Who is in the Cohort?
The sampling unit was a family living in the same household, operationally defined as all individuals who live at the same address and identify each other as family members. The census defines household in terms of a group of persons who live together and need not be related, and make common provision for essentials for living.
All family members aged 10 years or older were eligible and invited to participate. Those aged 15 years or above completed the main questionnaire, while 10 to 14 year-olds completed a modified survey designed for adolescents. A household was enrolled in the cohort when all eligible members agreed to participate in the Wave 1 (Baseline) survey.
The cohort was compiled as a composite sample from several sources to cover about 20,000 households, or just under 1% of Hong Kong’s 2,368,796 households.
First, the “random core sample” was obtained using stratified random sampling, where residential addresses were randomly sampled in all 18 districts in Hong Kong with sample sizes proportionate to each of the district populations.
Second, once a household had been enrolled in the random core sample, the household head was invited to refer first degree relatives to also participate, in keeping with our study aim of assessing the extended (or non-household based) family unit.
Third and additionally, we over-sampled residents of three new towns (Tung Chung, Tin Shui Wai, and Tseung Kwan O) by randomly selecting an additional 2891 households. These towns are in relatively more remote locations and contain larger numbers of new mainland Chinese migrant families.
Fourth, we undertook purposive sampling of three special groups of interest who have undergone significant social readjustment in their recent life course with anticipated changes in family dynamics: couples married within the past six months, households with at least one member who has been hospitalised due to a serious illness (defined as congestive heart failure, coronary heart disease, cancer, hip fracture, or stroke) within the past six months, and households with a child entering primary school.
Fifth, we over-sampled six districts with the smallest number of residents so that they had sufficient sample size for district-specific reports.
Finally, we drew a sample of households where we randomly selected one member from each such household to complete the survey, as a comparator group in view of the full-household enrolment design.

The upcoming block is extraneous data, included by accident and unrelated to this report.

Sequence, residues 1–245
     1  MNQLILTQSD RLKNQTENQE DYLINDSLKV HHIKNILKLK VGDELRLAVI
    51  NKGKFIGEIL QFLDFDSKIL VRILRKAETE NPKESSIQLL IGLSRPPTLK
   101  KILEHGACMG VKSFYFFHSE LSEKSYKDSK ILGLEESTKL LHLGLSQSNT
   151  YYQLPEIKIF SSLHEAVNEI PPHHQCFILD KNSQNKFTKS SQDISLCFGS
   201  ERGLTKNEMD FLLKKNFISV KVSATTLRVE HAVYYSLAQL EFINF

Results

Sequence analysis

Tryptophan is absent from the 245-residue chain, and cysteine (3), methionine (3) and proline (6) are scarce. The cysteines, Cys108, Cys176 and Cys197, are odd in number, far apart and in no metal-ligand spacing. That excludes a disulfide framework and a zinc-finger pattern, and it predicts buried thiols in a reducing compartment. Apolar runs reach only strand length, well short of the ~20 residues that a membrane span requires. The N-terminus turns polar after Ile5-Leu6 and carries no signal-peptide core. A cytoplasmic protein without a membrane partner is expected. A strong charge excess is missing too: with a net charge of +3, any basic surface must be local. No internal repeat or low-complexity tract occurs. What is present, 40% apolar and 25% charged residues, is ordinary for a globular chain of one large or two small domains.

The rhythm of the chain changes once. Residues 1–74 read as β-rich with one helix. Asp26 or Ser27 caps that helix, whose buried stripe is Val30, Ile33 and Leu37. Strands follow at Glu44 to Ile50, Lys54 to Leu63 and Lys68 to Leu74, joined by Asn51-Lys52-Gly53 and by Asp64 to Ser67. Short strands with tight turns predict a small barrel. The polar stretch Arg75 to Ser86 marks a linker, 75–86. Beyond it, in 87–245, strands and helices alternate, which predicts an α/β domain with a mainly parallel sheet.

From the six sources together (random core sample, first-degree relatives, new towns, randomly selected household members, over-sampled special groups and districts), the FAMILY Cohort included 20,279 households (46,001 participants).
How often have they been followed up?
Seven data collection time points have been completed from 2009 to 2014.
Wave 1 (Baseline) of household visits with interviewer-administered questionnaires was conducted from March 2009 to April 2011, and Wave 2 (Follow-up) was conducted from August 2011 to March 2014.
The overall follow-up rate for Wave 2 (Follow-up) was 69.6% (15 155 households, 32 016 participants), and the follow-up rates for random core, three new towns and randomly selected household members were 70.7%, 70.7% and 70.2% respectively. New eligible family members were also recruited in Wave 2 (Follow-up).
Five web-based and telephone follow-up questionnaires were separately administered at three, nine, and fifteen months following Wave 1 (Baseline), and four and eight months following Wave 2 (Follow-up). Out of the 42 489 age ≥ 15 participants who were eligible to be followed after Wave 1 (Baseline), 30 551 (71.9%), 32 110 (75.6%) and 30 738 (72.3%) completed the 3-month, 9-month and 15-month telephone/web-based survey follow-ups, respectively. Out of 32 418 participants who agreed to be followed after Wave 2 (Follow-up), 24 264 (74.8%) and 22 775 (70.2%) completed the 4-month and 8-month telephone/web-based survey, respectively.
What has been measured?
Wave 1 (Baseline) and Wave 2 (Follow-up) household visits consisted of a one-on-one home interview, not self-administered, with each eligible family member by trained interviewers who entered the data directly into tablet PCs. The interview lasted about one hour and covered lifestyle factors, a range of health indicators, happiness and family harmony, in addition to demographic and socioeconomic information.
Health indicators consisted of self-reported symptoms, medical history, and validated self-report scales of quality of life and depression.
Anthropometric measurements included weight, height, waist and hip circumference, body fat percentage, visceral fat level, heart rate, systolic and diastolic blood pressure.
Few psychological measurement scales were originally developed for use in Chinese populations, and imported instruments from individualistic cultures are unlikely to adequately capture the importance of family in the Chinese context. In particular, we proposed that family relationships are a central and specific axis for determining well-being, over measures of individual function that are more readily available and drive models that have been developed in more individualistic cultures. Our scale development efforts were guided by the lack of specific and indigenously developed of family harmony that are accessible to a population regardless of their education level, and are relatively brief.